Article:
Do the benefits of AP classes outweigh the hidden costs?Keely Carolan and Chris HollandOriginally published June 15, 2017
Hundreds of students have packed into the auxiliary gym over the past few weeks to take a test that will determine whether or not they will get college credit for all of their hard work this year. That’s right, it’s May— and that means it’s AP testing season.
Ballard is one of the many schools in the district which offers AP (Advanced Placement) classes in multiple subjects to its students, with few prerequisites. All you need is an open mind, a good work ethic and maybe some caffeine, and you should be able to get through the course without damaging your GPA too much. Or at least, you’re bound to have at least learned something when you come out of it.
But in all seriousness, there are many benefits to taking AP courses. First of all, they allow you to get college credit for a particular course without paying thousands of dollars. Sure, there is the cost of the exam, but compared to the price of even the most preliminary college courses, along with textbooks and other fees, AP courses certainly look like a sweet deal to the average student.
Additionally, the rigorous curriculum is, in our experience, a fantastic way to delve deep into a subject and thoroughly learn the material. If you’re really interested in a particular subject, AP is a great way to fuel that curiosity and challenge yourself. Not to mention the intensity of the courses are supposed to help prepare students for college (AP classes are, after all, advertised as being college level).
Despite all the benefits that can come from taking AP classes, there are definite downfalls which have steered many away from these specialized courses. Scholars, teachers and students have questioned whether or not the benefits outweigh the disadvantages of the AP curriculum. This has created a nation-wide controversy that has left students stranded when it comes to signing up for classes.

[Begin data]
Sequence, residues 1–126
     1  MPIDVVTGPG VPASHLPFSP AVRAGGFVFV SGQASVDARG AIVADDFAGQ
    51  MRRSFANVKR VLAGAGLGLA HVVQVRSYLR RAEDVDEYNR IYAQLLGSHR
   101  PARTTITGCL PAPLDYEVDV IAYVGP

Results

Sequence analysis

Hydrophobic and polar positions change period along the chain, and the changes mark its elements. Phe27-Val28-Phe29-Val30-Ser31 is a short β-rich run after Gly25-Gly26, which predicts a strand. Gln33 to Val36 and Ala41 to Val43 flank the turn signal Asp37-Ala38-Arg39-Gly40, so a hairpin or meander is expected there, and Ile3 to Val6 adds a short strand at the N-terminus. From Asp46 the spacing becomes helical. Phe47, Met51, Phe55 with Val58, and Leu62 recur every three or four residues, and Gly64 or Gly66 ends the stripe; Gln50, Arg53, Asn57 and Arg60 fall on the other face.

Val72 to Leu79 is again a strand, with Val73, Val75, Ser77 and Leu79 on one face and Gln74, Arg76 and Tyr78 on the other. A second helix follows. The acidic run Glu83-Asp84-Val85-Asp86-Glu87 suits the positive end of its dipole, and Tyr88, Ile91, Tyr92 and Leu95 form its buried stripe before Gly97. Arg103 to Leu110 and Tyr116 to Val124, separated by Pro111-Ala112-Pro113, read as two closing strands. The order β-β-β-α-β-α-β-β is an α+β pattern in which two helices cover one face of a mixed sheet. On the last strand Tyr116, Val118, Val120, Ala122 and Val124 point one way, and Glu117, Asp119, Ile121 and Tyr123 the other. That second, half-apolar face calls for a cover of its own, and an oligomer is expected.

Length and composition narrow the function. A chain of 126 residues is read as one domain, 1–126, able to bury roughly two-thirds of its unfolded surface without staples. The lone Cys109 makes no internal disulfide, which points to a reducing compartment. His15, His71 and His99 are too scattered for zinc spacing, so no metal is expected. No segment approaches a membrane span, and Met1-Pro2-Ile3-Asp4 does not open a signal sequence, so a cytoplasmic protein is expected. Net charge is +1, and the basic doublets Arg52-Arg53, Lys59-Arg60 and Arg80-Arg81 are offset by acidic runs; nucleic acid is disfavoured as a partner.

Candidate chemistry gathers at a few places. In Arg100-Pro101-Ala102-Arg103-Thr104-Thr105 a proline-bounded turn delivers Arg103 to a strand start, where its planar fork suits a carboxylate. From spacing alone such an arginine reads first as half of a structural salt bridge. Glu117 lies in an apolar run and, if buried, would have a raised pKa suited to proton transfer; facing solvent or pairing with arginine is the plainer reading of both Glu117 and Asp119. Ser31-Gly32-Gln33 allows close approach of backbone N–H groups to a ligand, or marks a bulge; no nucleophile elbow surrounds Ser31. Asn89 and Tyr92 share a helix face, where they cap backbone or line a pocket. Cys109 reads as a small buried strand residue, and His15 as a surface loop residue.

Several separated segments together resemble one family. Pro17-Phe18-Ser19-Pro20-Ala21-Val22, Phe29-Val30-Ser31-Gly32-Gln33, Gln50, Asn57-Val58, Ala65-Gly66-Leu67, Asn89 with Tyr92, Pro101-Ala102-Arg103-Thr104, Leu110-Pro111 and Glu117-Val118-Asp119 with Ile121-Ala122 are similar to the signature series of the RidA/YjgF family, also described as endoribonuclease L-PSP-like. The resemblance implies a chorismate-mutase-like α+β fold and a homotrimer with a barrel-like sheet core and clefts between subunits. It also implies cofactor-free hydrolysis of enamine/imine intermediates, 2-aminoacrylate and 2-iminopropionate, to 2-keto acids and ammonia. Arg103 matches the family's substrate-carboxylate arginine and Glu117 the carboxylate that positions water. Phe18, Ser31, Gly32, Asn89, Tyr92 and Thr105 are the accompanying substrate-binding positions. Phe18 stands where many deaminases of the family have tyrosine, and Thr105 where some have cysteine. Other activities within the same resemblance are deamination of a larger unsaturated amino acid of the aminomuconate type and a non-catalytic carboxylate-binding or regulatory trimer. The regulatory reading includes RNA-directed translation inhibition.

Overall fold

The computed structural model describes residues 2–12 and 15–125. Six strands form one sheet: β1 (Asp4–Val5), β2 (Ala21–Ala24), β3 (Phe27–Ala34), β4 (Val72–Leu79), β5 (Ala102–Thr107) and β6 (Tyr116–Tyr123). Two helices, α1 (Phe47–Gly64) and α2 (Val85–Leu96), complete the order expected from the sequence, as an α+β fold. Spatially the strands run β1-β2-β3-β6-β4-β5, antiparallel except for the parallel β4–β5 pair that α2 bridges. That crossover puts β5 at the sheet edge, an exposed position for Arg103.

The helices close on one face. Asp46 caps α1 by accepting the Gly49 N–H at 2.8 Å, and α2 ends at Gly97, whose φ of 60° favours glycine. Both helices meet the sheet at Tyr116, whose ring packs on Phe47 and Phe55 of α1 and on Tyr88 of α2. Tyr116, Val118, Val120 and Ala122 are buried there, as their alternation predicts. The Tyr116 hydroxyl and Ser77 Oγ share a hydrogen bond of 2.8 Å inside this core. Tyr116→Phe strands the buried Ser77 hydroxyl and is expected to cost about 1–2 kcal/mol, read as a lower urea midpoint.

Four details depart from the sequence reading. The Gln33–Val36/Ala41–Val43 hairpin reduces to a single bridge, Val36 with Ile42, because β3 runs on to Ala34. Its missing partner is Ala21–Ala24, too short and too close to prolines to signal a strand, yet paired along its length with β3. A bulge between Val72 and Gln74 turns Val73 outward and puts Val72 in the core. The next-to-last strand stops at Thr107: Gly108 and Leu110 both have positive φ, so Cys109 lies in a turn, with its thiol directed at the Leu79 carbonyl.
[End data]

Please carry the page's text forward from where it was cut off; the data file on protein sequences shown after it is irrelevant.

One disadvantage of AP classes is that the curriculum is structured around the exam. Despite being a college level class, the program restricts student creativity and critical thinking skills. This “teaching to the test” mindset allows students to learn patterns and tricks for acingthe test, but after passing the class many students forget what they’ve learned throughout the year because they lack the real- world applications.
Another facade of the AP system is the mind behind the madness—the College Board. The College Board dogmatically praises themselves to be non-pro t organization, however behind the scenes they overcompensate their top executives and funnel money to government officials in order to gain in influence. According to Americans for Educational Testing Reform the College Board CEO, David Coleman, makes 444 percent more money than the industry average for CEOs. On top of that they spend over 1.4 million dollars on political lobby expenses.
Aside from the corporate greed that AP testing fuels, classes and exams also invoke unnecessary stress upon these adolescents. In the weeks leading up to exams, minor breakdowns and sleepless nights are not unheard of. A heavy homework load throughout the year creates a tendency in many students to neglect their work from other classes, while cutting into the precious few hours of free time we get outside of school, sports and extracurricular activities.
Sometimes it seems like a little much to be putting on students who are just trying to stand out from the crowd in a society where originality is so hard to come by. An intensely competitive environment surrounding college applications and the pursuit of success has been created by companies that are just looking to make a quick buck, rather than having the best interest of students in mind. By no means are we trying to discourage people from pushing themselves with a more rigorous curriculum, however we implore you to examine all of the facts before you dive right into something that may be considered the nation’s largest scam.